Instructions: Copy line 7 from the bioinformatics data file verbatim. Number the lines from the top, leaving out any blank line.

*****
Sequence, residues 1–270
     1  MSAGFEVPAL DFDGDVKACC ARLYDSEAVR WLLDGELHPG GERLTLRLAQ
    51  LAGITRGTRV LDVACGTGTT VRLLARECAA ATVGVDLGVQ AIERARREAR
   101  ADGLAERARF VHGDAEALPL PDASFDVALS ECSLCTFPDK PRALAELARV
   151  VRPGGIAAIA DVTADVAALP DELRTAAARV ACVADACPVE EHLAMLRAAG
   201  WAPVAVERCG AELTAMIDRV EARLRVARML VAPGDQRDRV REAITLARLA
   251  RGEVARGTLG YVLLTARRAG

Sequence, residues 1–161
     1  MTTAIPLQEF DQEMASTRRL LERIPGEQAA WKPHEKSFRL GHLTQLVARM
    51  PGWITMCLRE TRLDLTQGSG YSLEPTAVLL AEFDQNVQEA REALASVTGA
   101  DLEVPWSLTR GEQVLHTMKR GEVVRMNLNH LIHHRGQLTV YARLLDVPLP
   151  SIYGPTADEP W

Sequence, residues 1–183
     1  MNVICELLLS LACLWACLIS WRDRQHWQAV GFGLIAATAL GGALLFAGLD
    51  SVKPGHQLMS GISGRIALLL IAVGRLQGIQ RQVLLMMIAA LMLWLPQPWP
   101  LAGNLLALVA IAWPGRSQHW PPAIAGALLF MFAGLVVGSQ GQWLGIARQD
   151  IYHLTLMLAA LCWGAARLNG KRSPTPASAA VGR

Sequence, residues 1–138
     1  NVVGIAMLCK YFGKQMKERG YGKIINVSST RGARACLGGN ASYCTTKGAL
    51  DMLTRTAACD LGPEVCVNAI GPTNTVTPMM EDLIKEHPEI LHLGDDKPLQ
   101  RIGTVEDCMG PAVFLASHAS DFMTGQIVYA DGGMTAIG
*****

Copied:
   251  RGEVARGTLG YVLLTARRAG